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The orchard of science is a vast globe-encircling monster, without a map, and known to no one man; indeed, to no group of men fewer than the whole international mass of creative scientists. Within it, each observer clings to his own well-known and well-loved clump of trees. If he looks beyond, it is usually with a guilty sigh.
And the traditional religions worry me. Their long history proves that they have not understood the meaning of the commandment: Thou shalt not kill. If we want to save this world from unimaginable destruction we should concentrate not on the faraway God, but on the heart of the individual. We live now in an international anarchy in which a Third World War with nuclear weapons lies before our door. We must make the individual man aware of his conscience so that he understands what it means that only a few will survive the next war.
Any country whose people conduct themselves well can count upon our hearty friendship. If a nation shows that it knows how to act with reasonable efficiency and decency in social and political matters, if it keeps order and pays its obligations, it need fear no interference from the United States. Chronic wrongdoing, or an impotence which results in a general loosening of the ties of civilized society, may in America, as elsewhere, ultimately require intervention by some civilized nation, and in the Western Hemisphere the adherence of the United States to the Monroe Doctrine may force the United States, however reluctantly, in flagrant cases of such wrongdoing or impotence, to the exercise of an international police power.
Globalization makes our economy, our health, and our security all captive to events on the other side of the world. And no other nation on earth has a greater capacity to shape that global system, or to build consensus around a new set of international rules that expand the zones of freedom, personal safety, and economic well-being. Like it or not, if we want to make America more secure, we are going to have to help make the world more secure.
This asteroid has only once been seen through the telescope. That was by a Turkish astronomer, in 1909. On making his discovery, the astronomer had presented it to the International Astronomical Congress, in a great demonstration. But he was in Turkish costume, and so nobody would believe what he said.
Neither of us cares a straw for popularity. A proof of this is for example, that, because of aversion to any personality cult, I have never permitted the numerous expressions of appreciation from various countries with which I was pestered during the existence of the International to reach the realm of publicity, and have never answered them, except occasionally by a rebuke. When Engels and I first joined the secret Communist Society we made it a condition that everything tending to encourage superstitious belief in authority was to be removed from the statutes.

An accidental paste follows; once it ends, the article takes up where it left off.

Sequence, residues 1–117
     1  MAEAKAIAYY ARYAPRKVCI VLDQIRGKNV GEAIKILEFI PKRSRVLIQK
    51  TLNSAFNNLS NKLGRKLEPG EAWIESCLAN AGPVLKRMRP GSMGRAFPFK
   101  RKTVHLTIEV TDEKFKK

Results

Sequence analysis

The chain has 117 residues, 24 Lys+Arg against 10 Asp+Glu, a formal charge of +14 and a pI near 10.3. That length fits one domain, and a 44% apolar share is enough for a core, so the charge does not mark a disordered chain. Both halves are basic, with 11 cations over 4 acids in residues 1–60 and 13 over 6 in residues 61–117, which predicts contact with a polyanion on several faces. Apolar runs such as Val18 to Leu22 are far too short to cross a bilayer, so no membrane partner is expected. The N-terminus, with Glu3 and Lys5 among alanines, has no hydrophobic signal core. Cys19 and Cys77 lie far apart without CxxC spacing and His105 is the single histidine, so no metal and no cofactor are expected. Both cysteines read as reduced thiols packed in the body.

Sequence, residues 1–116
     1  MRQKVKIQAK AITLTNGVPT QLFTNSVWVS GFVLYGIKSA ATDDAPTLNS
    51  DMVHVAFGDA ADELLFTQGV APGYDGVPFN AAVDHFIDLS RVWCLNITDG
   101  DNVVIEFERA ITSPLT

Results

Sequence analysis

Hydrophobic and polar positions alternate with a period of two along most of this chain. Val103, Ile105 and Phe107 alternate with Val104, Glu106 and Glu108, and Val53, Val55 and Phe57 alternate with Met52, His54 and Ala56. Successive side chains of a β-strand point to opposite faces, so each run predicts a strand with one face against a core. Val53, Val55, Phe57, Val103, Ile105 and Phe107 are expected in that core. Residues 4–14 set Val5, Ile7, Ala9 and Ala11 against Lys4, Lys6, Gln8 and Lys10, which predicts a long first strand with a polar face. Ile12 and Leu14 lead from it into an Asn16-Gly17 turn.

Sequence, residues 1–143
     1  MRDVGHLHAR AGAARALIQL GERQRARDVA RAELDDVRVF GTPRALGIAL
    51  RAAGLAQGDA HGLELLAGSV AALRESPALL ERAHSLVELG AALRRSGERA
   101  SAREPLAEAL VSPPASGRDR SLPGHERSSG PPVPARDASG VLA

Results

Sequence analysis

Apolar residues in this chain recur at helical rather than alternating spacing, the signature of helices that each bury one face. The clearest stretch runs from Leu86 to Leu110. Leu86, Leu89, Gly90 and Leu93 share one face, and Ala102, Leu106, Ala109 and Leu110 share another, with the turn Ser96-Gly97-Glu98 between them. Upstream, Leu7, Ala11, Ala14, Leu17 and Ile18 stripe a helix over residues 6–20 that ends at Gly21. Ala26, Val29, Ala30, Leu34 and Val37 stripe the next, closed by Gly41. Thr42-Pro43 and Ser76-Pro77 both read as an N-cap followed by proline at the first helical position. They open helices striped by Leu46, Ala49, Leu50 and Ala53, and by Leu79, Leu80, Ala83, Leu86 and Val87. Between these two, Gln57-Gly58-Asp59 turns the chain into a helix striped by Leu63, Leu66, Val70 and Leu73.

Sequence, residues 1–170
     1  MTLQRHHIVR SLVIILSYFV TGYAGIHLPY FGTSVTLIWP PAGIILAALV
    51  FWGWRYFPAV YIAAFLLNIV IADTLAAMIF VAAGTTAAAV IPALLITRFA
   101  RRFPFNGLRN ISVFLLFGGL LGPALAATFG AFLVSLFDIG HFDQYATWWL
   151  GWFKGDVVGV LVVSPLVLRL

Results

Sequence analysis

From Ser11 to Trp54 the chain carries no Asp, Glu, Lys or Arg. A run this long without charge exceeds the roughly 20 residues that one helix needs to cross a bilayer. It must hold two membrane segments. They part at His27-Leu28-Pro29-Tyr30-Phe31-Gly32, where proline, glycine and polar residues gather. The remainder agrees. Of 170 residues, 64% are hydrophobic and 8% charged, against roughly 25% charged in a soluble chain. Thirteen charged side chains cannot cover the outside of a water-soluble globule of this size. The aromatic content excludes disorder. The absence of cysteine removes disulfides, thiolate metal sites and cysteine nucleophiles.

Peaceful surrender of power by the bourgeoisie is possible, if it is convinced that resistance is hopeless and if it prefers to save its skin. It is much more likely, of course, that even in small states socialism will not be achieved without civil war, and for that reason the only programme of international Social-Democracy must be recognition of civil war, though violence is, of course, alien to our ideals.
It is true that the moral consciousness of the world must recognize the importance of removing injustices and well-founded grievances; but at the same time it must be aroused to the cardinal necessity of honoring sanctity of treaties, of respecting the rights and liberties of others, and of putting an end to acts of international aggression.
The United States of America is the most powerful nation on Earth. Period. It's not even close. We spend more on our military than the next eight nations combined. Our troops are the finest fighting force in the history of the world. No nation dares to attack us or our allies because they know that's the path to ruin. Surveys show our standing around the world is high... When it comes to every important international issue, people of the world do not look to Beijing or Moscow to lead; they call us.
There is an international disease which feeds on the notion that if you have a cause to defend, you can use any means to further your cause, since the end justifies the means. As an international community, we must oppose this notion, whether it be in Canada, in the United States, or anywhere else. No cause justifies violence as long as the system provides for change by peaceful means.
I believe that we must develop alternatives to violence that are tough enough to actually change behavior — for if we want a lasting peace, then the words of the international community must mean something. Those regimes that break the rules must be held accountable. Sanctions must exact a real price. Intransigence must be met with increased pressure — and such pressure exists only when the world stands together as one.
On the political front, we have always pursued the path of truth and justice in our struggle for the legitimate rights of the Tibetan people. We have never indulged in distortions, exaggerations and criticism of the Chinese people. Neither have we harboured any ill will towards them. Above all, we have always held to our position of truth and justice without siding with any of the international political power blocks.